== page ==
One of Judt’s most notorious tantrums against Israel appeared in the New York Review of Books on October 23, 2003. There he basically insists that Israel and Israel alone is responsible for all continuing tensions in the Middle East and for the failure to achieve peace. The entire article is a call for Israel’s dismemberment and replacement by a single state with an Arab majority, or what other anti-Semites these days are calling the “One-State Solution,” although it might more accurately been termed “the Rwanda Solution” for what would soon follow its establishment. The article, which David Frum called “genocidal liberalism,” triggered more than a thousand letters, most attacking Judt. As a result of the piece, The New Republic, on whose board he had previously sat, gave him the bum’s rush, and expelled him from the magazine.

In that same article Judt also dismisses Israel as a country of fascists: “When one hears Israel's deputy prime minister, Ehud Olmert, proudly insist that his country has not excluded the option of assassinating the elected president of the Palestinian Authority, it is clear that the label fits better than ever. Political murder is what fascists do.” Judt there also excuses suicide bombing mass murders against Jews because, “the Palestinians have no other weapons.” He compares Israel’s security fence, designed to keep Palestinian suicide bombers away from Jewish school buses and shopping malls, to the Berlin Wall, and then challenges the foundational legitimacy of Israel: “The very idea of a Jewish state"—a state in which Jews and the Jewish religion have exclusive privileges from which non-Jewish citizens are forever excluded—is rooted in another time and place. Israel, in short, is an anachronism.” His anti -Israel obsession prevents him from noting that there are 22 Arab states in which Arabs and the Muslim religion have exactly the exclusive privileges that he finds objectionable when Israelis enjoy them.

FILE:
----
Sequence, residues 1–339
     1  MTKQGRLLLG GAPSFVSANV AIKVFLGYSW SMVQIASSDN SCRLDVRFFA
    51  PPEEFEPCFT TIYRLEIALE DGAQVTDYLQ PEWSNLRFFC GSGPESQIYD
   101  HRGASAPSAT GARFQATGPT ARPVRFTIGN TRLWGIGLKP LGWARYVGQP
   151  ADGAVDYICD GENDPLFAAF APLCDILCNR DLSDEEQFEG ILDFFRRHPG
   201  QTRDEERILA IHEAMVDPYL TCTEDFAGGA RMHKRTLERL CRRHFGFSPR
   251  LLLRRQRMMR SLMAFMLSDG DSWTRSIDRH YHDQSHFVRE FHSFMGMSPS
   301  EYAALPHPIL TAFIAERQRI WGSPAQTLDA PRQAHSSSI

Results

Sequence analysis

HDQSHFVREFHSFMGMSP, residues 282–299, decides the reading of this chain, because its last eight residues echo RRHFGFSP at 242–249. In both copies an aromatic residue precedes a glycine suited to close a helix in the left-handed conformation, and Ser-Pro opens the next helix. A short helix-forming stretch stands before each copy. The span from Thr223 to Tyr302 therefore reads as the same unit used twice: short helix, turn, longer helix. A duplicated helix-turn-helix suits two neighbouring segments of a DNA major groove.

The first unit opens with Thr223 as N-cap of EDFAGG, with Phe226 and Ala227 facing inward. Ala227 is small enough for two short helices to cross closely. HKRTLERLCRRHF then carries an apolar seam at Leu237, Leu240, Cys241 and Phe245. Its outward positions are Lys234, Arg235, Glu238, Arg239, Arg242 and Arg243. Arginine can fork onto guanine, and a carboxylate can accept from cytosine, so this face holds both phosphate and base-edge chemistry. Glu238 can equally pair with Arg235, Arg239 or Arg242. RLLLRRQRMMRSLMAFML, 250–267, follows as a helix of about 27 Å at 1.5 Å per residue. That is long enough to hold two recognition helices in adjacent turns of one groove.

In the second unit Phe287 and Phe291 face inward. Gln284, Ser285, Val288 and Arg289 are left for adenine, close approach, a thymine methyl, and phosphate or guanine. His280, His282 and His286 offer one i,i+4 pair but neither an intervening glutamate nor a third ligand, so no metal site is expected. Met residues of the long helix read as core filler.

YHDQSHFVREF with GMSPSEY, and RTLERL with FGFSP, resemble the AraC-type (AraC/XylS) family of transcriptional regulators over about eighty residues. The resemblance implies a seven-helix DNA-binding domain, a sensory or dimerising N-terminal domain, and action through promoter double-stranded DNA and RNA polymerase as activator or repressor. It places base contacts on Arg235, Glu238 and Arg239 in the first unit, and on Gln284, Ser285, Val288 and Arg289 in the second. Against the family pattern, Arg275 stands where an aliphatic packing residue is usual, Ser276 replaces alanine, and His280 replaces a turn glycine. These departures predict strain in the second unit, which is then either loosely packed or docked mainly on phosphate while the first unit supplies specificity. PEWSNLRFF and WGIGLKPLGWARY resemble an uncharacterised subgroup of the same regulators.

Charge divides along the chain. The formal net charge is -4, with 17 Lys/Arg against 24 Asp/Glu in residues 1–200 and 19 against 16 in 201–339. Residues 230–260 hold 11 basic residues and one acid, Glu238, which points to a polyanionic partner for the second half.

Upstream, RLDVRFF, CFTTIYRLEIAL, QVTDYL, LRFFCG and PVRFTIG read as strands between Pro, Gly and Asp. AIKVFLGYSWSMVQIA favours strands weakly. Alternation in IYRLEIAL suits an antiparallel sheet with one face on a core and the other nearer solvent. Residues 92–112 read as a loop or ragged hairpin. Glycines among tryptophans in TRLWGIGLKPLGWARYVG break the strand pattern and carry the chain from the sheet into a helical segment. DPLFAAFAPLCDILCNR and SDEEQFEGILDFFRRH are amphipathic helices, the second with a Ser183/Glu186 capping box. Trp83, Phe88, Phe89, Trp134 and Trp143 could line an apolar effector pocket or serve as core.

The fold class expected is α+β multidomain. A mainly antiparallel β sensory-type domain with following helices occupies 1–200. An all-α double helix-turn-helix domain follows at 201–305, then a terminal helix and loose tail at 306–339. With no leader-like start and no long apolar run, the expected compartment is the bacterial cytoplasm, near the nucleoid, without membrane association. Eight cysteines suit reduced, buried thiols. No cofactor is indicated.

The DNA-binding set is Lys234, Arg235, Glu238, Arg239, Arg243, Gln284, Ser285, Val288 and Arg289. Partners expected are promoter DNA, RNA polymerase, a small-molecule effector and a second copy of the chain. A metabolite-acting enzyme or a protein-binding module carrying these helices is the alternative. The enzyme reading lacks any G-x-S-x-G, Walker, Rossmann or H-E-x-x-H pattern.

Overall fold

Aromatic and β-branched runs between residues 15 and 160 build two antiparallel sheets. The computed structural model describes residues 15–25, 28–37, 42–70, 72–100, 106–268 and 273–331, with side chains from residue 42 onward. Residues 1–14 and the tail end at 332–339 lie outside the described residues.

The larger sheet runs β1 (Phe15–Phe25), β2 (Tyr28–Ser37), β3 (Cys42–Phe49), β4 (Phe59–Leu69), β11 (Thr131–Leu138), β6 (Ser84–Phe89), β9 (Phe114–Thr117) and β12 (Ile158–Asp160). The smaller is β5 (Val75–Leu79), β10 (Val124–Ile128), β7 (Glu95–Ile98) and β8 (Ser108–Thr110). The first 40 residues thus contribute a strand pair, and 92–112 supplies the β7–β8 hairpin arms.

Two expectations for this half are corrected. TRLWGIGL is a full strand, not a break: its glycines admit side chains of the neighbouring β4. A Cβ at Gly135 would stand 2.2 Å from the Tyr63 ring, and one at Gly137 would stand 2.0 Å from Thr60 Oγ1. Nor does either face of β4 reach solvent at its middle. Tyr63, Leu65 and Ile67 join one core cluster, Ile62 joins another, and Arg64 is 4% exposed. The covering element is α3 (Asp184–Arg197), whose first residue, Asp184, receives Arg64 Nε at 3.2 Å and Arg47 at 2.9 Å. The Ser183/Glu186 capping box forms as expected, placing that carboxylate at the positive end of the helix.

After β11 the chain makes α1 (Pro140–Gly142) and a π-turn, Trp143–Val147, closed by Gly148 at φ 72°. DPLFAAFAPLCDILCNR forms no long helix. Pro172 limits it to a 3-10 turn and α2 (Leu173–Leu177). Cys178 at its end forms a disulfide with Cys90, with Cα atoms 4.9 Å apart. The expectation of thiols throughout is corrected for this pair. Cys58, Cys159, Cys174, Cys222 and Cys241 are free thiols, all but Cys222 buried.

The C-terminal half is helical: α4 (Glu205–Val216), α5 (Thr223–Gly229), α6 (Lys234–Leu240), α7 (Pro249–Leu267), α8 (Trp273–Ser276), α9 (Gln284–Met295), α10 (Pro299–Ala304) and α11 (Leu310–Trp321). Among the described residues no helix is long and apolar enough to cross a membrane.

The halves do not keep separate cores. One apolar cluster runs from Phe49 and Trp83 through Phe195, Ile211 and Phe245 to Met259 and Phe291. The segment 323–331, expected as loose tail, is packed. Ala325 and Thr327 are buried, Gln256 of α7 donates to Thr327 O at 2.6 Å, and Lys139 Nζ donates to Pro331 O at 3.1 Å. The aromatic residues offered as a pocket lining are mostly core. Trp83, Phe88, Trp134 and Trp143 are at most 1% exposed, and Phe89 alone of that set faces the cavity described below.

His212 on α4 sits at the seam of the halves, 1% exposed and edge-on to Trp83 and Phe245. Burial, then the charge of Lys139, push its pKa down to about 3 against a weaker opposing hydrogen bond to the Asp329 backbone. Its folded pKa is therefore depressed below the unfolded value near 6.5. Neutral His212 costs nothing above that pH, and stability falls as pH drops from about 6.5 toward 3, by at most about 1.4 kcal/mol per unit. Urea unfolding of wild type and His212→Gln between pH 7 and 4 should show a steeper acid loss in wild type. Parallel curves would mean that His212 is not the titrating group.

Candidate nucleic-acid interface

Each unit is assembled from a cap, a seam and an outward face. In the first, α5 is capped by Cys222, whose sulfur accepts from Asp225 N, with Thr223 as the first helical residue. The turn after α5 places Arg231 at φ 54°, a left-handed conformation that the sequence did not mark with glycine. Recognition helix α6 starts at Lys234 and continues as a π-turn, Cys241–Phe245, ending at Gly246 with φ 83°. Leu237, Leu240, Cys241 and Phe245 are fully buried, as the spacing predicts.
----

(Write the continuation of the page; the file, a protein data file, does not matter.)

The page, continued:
He then repeats the tired fiction about how the supposedly powerful Israel Lobby prevents criticism of Israel. “It has also corroded American domestic debate. Rather than think straight about the Middle East, American politicians and pundits slander our European allies when they dissent, speak glibly and irresponsibly of resurgent anti-Semitism when Israel is criticized, and censoriously rebuke any public figure at home who tries to break from the consensus.” This is a theme he returned to in the New York Review of Books, July 14, 2005, when he wrote that “Israel and its lobbyists have an excessive and disastrous influence on the policies of the world’s superpower.” ...



comments powered by Disqus

Subscribe to our mailing list